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Intersection of Life and Faith

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Why Beth Moore Is Right on the ‘Disparity Between the Way We Value Men and Women’

  • 2019 Jun 12
  • COMMENTS

The Southern Baptist Convention began its annual meeting yesterday in Birmingham, Alabama. According to its president, the denomination faces “a defining moment” that will shape the church for generations to come. In focusing on the crisis of sexual abuse, Dr. J. D. Greear stated, “This is not a distraction from the mission. Protecting God’s children is the mission of the church.”

In response, messengers approved last night an amendment making it explicit that an individual church can be expelled from the denomination if it mishandles or covers up sexual abuse cases. They also established a special committee to evaluate such claims against churches. 

Speaking the previous evening at a panel discussion on this issue, well-known author and speaker Beth Moore stated: “One of my great concerns is, abuse happens anywhere humanity happens. What I want so much for us to reckon with honestly is our culture makes us vulnerable because there is a disparity between the way we value men and women.” 

Why does this disparity exist in our culture today?

Two poisonous roots 

One root cause is the endemic scourge of prejudice that plagues humanity. 

I define prejudice as the temptation for people who feel inferior to devalue others based on unchanging factors such as skin color and gender. The sentiment, stated or unstated, runs like this: “I may be less successful than you, but I’ll always be white and you’ll always be black (or brown, or female, etc.).” 

A second root cause is sexual lust. When men see women as bodies rather than human beings, they objectify and degrade their humanity. 

Sexual lust and prejudice against women lead to their commercialization as a means to other ends. For example, the pressure on women to have abortions objectifies their bodies, ignores their emotions, and kills their unborn children. The exploitation of women’s bodies to sell products, the plague of pornography, and the tragedy of sex trafficking are further symptoms. 

Such abuse is a true crisis today. 

A recent survey found that 81 percent of women had experienced some form of sexual harassment during their lifetime. The difference between the genders is striking: 77 percent of women have been subjected to verbal sexual harassment, compared to 34 percent of men; 51 percent of women have experienced unwanted sexual touching, compared to 17 percent of men; 27 percent of women have been the victims of sexual assault, compared to 7 percent of men.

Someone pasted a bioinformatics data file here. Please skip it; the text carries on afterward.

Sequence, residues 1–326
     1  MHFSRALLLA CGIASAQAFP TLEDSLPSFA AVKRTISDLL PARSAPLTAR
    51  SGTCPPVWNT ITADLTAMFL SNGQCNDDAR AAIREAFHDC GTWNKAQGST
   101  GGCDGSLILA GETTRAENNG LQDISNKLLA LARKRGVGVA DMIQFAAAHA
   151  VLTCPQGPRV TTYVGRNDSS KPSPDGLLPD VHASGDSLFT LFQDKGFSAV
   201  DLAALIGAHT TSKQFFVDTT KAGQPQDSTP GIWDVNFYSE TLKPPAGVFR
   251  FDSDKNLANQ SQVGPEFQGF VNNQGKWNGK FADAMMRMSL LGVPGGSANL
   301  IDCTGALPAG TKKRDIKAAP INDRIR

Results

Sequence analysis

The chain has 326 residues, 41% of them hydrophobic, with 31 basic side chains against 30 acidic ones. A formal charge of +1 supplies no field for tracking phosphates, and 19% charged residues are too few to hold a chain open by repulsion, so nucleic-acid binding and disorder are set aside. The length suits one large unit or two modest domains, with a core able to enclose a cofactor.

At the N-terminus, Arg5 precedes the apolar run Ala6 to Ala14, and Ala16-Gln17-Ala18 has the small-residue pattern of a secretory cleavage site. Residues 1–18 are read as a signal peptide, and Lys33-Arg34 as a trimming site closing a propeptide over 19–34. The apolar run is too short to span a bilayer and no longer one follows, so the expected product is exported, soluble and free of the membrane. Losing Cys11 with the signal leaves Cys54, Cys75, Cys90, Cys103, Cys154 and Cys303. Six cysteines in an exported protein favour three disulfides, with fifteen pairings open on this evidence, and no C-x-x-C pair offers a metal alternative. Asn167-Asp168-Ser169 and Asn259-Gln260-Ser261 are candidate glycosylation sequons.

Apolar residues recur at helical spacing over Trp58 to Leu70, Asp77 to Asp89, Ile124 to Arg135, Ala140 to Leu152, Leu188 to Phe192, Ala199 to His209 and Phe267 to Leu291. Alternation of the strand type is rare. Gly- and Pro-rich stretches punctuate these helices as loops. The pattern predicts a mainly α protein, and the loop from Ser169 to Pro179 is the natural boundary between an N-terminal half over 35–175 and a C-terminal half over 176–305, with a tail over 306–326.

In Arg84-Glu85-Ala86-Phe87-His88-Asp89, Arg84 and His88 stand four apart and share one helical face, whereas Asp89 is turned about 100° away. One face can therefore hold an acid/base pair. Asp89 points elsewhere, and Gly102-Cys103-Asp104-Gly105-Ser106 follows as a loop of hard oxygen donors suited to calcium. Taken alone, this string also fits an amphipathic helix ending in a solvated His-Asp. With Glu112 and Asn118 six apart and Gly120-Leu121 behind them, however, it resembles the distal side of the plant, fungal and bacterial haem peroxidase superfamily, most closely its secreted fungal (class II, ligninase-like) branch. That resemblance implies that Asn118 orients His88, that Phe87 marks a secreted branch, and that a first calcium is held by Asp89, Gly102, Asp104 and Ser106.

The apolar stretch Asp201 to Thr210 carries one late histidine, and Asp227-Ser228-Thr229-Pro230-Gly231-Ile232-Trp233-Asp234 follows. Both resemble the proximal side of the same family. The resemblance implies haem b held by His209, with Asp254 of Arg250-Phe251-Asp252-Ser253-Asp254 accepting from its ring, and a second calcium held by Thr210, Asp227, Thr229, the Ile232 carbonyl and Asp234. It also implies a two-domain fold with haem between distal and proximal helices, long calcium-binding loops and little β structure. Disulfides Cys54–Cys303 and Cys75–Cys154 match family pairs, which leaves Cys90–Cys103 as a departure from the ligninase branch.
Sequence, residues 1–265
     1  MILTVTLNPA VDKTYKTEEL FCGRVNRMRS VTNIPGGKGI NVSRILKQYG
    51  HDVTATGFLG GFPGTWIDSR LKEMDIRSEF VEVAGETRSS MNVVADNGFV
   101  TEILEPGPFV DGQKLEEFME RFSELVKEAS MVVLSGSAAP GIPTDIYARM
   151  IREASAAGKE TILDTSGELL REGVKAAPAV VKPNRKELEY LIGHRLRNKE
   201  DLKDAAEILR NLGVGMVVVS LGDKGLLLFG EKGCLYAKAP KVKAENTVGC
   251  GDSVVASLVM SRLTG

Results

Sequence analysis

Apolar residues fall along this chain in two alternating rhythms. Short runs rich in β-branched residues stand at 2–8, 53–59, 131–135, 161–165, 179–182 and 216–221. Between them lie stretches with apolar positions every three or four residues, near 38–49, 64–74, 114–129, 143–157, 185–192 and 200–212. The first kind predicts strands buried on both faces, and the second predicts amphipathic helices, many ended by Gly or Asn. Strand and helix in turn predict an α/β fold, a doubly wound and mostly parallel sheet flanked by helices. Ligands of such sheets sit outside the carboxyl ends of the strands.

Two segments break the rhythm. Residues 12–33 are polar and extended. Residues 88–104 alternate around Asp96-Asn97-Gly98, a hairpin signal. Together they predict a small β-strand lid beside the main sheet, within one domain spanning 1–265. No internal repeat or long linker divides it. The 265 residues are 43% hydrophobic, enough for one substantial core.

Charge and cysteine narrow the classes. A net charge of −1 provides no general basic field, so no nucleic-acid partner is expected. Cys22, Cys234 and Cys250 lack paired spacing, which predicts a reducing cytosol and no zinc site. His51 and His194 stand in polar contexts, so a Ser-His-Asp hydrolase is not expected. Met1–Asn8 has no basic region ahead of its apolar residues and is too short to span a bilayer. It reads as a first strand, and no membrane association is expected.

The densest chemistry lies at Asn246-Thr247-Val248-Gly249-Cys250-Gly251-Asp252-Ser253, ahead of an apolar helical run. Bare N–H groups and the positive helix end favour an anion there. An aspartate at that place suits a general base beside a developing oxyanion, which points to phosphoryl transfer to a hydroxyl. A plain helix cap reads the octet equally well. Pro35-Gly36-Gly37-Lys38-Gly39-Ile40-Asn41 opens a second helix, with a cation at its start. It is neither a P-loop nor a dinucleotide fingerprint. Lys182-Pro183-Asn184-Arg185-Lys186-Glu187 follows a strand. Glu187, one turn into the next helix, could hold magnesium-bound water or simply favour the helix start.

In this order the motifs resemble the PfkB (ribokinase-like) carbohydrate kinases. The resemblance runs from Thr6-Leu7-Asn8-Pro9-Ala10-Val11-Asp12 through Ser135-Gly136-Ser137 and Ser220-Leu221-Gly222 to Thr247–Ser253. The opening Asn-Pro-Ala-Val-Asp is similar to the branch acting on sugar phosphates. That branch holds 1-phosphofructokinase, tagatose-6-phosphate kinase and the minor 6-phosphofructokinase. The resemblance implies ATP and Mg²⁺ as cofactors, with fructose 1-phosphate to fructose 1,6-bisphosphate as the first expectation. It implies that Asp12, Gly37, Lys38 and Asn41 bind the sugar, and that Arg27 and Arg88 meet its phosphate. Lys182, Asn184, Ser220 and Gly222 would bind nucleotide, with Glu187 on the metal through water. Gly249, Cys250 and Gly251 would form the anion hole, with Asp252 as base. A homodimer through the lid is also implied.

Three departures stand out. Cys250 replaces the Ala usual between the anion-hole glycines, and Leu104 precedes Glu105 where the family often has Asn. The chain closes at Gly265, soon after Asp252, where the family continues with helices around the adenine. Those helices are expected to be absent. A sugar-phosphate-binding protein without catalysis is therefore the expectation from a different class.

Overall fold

“There is no male and female” 

Such abuse grieves the heart of our Father. 

Scripture clearly teaches that God made men and women with equal value: “There is neither Jew nor Greek, there is neither slave nor free, there is no male and female, for you are all one in Christ Jesus” (Galatians 3:28). 

Women were among Jesus’ most significant supporters (Luke 8:1–3). The risen Christ first appeared to Mary Magdalene (John 20:11–18). The first convert in Europe was a woman (Acts 16:11–15, 40). 

God’s word also declares that sexual abuse is always wrong. Scripture forbids rape (Deuteronomy 22:25–27). It calls husbands to cherish wives (Ephesians 5:28–29; Colossians 3:19; Hebrews 13:4) and men to encourage and support women (cf. Philippians 4:3). 

Asking urgent questions 

How can Christians set the example for our confused culture? 

We should begin by admitting that we are not immune from the prejudice and sexual lust that are endemic to our broken world and fallen human condition. As a result, we should evaluate ourselves in the light of biblical truth. 

If you’re a man, examine your relationships with women. Do you objectify them or affirm them? Do you view them through a sexual lens or through biblical love and grace? 

If you’re a husband, examine your relationship with your wife. If you’re the father of daughters, examine your relationships with them. If you’re a leader or employer, examine your relationships with those you lead and employ. If you’re a pastor or church leader, examine your relationships with women in your ministry. Examine other ways your church relates to them. 

Don’t assume that you know the status of these relationships. Ask your wife, daughters, and female employees and/or church members for their response. 

Repent of any sin you discover. Take objective, practical steps to value and encourage women within your circle of influence. Love them as you love yourself (Matthew 22:39). 

The godliest person I have ever known 

I was led to Christ by a woman, the wife of our church’s pastor. I was first discipled by a woman, my twelfth-grade Sunday school teacher. I was first affirmed in my call to vocational ministry by the woman who sponsored the Christian Student Union on our high school campus.  

Who are the women God has used most powerfully in your life? How will you express your gratitude to them and for them today?

My first mentor in my first pastorate was a woman. Across my years as a pastor, the women who served as my administrative assistants were among my most significant and effective colleagues in ministry. The godliest person I have ever known is a woman, my wife. 

Who are the women God has used most powerfully in your life? How will you express your gratitude to them and for them today?

For more from the Denison Forum, please visit www.denisonforum.org.

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Publication Date: June 12, 2019

Photo Courtesy: Getty Images/Terry Wyatt/Stringer



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